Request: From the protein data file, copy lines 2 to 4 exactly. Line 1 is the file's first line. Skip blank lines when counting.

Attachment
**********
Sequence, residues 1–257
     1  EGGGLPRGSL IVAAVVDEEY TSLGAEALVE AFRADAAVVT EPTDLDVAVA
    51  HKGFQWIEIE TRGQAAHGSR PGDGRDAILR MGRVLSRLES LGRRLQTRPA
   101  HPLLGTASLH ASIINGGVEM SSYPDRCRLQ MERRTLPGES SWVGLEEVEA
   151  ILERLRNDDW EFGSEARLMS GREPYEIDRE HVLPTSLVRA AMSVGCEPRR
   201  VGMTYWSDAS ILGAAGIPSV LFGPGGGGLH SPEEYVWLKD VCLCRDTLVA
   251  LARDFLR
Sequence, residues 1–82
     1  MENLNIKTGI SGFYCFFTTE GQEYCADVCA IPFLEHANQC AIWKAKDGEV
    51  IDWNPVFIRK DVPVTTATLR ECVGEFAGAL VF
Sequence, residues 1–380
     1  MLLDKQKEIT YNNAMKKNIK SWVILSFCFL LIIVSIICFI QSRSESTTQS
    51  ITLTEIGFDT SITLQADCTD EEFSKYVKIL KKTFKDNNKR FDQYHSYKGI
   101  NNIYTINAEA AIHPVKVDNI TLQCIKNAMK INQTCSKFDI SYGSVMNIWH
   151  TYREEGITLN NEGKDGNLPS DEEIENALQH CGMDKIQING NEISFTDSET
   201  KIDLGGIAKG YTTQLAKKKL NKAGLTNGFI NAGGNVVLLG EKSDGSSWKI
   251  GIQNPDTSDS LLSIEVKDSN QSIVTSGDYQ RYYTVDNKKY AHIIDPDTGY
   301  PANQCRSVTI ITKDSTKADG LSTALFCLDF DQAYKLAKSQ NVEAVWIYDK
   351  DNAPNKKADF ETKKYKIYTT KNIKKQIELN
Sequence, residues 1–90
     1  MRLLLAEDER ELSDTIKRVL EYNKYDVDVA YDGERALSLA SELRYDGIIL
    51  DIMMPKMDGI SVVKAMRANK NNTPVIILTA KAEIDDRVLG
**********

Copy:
     1  EGGGLPRGSL IVAAVVDEEY TSLGAEALVE AFRADAAVVT EPTDLDVAVA
    51  HKGFQWIEIE TRGQAAHGSR PGDGRDAILR MGRVLSRLES LGRRLQTRPA
   101  HPLLGTASLH ASIINGGVEM SSYPDRCRLQ MERRTLPGES SWVGLEEVEA